Figure 5: Influence of the content of GGBFS-replaced cement on the compressive strength of UHPFRC.
Figure 6: Influence of the content of GGBFS-replaced cement on the slump of UHPFRC.

As can be seen from Figure 5, the compressive strength decreases with the increasing of the content of GGBFS instead of the cement. The specimen compressive strength decreased from 146.5 MPa (content 0%) to 121.5 MPa (content 30%), which decreased by 25 MPa. However, when the GGBFS content replaced 20% of the cement (188 kg/m3), the compressive strength only reduces to 6.4 MPa, and its slump reaches 10.1 cm. Based on the compressive strength of UHPFRC and the fluidity of the mixture, the composite performance of UHPFRC is considered to be superior when the GGBFS content replaced 20% of the cement.

3.3. Influence of the W/B Ratio on the Compressive Strength and the Fluidity of UHPFRC When GGBFS Replaced 20% of the Cement (Series C)

According to the measured data, when the amount of GGBFS is replaced instead of 20% of the cement (188 kg/m3), influence of the W/B ratio on the compressive strength of UHPFRC is shown in Figure 7. Influence of the W/B ratio on the fluidity of UHPFRC when GGBFS replaced 20% of the cement is shown in Figure 8.

Figure 7: Influence of the W/B ratio on the compressive strength of UHPFRC when GGBFS replaced 20% of the cement.
Figure 8: Influence of the W/B ratio on the fluidity of UHPFRC when GGBFS replaced 20% of the cement.

It can be concluded from Figure 7 that the compressive strength increases with the increase of the W/B ratio. The compressive strength was 140.1 MPa when the W/B ratio is equal to 0.194, which is higher than those when the W/B ratios are equal to 0.174 (132 MPa) and 0.184 (131.7 MPa).

As can be seen from Figure 8, the slump increases when the W/B ratio is increased. The slump (10.1 cm) of UHPFRC when the value of the W/B ratio was equal to 0.194 also increased greatly compared with the slump when the values of the W/B ratios were equal to 0.174 (2 cm) and 0.184 (3.5 cm). The mixture was relatively viscous when the W/B ratio was equal to 0.174 or 0.184; mechanical vibration was needed, and it was difficult to vibrate dense. However, the fluidity of the specimen with the W/B ratio equal to 0.194 is much better, which can be vibrated compactly fast by mechanical vibrating. The result shows that the W/B ratio has a great influence on the compressive strength and the slump of UHPFRC. Based on the compressive strength of the UHPFRC and the fluidity of the mixture, the overall performance of the UHPFRC is optimal when the W/B ratio is 0.194 and when the GGBFS replaced 20% of the cement.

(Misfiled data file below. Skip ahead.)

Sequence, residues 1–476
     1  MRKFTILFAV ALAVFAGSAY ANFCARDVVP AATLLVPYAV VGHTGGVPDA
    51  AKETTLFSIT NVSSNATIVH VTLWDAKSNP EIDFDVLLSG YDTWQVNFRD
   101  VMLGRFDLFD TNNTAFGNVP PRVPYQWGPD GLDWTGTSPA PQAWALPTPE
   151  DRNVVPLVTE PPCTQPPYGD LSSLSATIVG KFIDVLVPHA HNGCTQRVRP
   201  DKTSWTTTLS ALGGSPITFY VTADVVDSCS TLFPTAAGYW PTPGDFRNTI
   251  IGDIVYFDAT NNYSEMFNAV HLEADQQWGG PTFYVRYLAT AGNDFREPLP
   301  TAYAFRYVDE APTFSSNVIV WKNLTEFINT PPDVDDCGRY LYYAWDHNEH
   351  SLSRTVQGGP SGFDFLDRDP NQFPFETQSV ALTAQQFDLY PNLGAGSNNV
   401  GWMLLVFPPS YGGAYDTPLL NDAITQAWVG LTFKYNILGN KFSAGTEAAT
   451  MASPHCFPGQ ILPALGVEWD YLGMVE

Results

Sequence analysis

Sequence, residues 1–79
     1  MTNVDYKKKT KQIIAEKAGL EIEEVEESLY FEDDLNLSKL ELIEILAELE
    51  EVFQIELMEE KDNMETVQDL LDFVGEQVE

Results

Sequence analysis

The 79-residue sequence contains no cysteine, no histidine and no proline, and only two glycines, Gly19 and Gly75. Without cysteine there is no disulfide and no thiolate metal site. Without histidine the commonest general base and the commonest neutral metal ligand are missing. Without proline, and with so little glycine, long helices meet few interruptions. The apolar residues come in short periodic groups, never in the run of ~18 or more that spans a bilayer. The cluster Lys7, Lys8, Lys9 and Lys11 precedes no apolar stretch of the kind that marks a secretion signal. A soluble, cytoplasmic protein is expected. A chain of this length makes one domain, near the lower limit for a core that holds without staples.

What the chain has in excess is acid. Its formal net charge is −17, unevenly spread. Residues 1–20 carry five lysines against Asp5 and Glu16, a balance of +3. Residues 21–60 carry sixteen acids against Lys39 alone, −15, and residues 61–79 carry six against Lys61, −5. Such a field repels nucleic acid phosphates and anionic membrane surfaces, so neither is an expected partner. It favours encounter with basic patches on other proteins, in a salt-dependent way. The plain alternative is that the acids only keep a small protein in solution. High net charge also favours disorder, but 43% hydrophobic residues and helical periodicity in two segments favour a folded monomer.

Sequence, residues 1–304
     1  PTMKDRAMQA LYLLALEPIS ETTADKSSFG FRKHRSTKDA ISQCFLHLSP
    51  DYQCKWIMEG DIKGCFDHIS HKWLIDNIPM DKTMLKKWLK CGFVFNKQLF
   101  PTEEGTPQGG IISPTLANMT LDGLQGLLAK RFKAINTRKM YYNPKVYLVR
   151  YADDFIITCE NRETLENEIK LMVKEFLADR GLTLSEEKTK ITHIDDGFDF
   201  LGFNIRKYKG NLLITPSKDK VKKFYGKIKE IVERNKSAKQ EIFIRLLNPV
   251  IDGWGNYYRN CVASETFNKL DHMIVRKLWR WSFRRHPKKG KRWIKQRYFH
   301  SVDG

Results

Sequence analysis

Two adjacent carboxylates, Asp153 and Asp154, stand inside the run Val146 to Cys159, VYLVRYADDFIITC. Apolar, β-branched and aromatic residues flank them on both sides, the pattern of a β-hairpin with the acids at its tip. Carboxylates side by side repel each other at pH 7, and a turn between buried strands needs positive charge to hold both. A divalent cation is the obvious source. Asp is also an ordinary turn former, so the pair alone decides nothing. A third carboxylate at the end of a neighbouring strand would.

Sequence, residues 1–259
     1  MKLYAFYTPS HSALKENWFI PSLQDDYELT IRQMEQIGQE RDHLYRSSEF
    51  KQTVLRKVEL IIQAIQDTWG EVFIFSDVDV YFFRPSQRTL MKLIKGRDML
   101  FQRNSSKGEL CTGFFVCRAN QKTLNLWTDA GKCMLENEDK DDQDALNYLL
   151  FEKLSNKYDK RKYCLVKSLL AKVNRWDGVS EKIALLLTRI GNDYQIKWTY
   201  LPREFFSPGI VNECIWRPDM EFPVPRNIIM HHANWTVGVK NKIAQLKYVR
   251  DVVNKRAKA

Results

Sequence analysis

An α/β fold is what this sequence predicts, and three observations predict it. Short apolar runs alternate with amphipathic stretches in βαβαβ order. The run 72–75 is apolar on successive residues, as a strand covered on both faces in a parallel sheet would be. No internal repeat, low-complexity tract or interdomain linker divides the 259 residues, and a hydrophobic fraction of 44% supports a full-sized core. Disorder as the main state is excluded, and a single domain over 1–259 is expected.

3.4. Influence of FA-Replaced Partial SF on Compressive Strength and Fluidity of UHPFRC (Series D)

FA can have a positive impact on the mechanical properties of concrete when it was used to replace part of the SF in UHPFRC with an appropriate dosage. In order to determine the optimal amount of fly ash (FA)-replaced silica fume (SF), experiments with different FA/SF ratios were carried out while keeping the total amount of silica fume and fly ash (282 kg/m3) the same. According to the test results, the influence of the dosage of FA replacing SF on the compressive strength of UHPFRC is shown in Figure 9. The influence of FA-replaced SF on the slump of UHPFRC is shown in Figure 10.

Figure 9: Influence of FA-replaced partial SF on the compressive strength of UHPFRC.
Figure 10: Influence of FA-replaced partial SF on fluidity of UHPFRC.

As can be seen from Figure 9, the compressive strength of UHPFRC decreases first and then increases when the FA ratio is increased. The compressive strength was reduced from 146.5 MPa to 137.6 MPa and then increased to 148.6 MPa. The compressive strength of the specimen with the FA-replaced SF ratio equal to 30% was slightly higher than that of no FA specimens. This is because the synergistic effect of SF and FA reaches a high level when FA replaced 30% of SF. Adding SF can improve the compressive strength, while adding FA can improve the fluidity. As is shown in Figure 10, with the increase of the amount of FA replacing SF, the mixture gradually changed from viscous to semiviscous in the stirring process, which means the workability was improved gradually, and the overall trend of fluidity increases gradually. Considering the compressive strength and the fluidity of the UHPFRC, the comprehensive performance of the UHPFRC is optimal when the FA replaces the SF with 30% (84.6 kg/m3).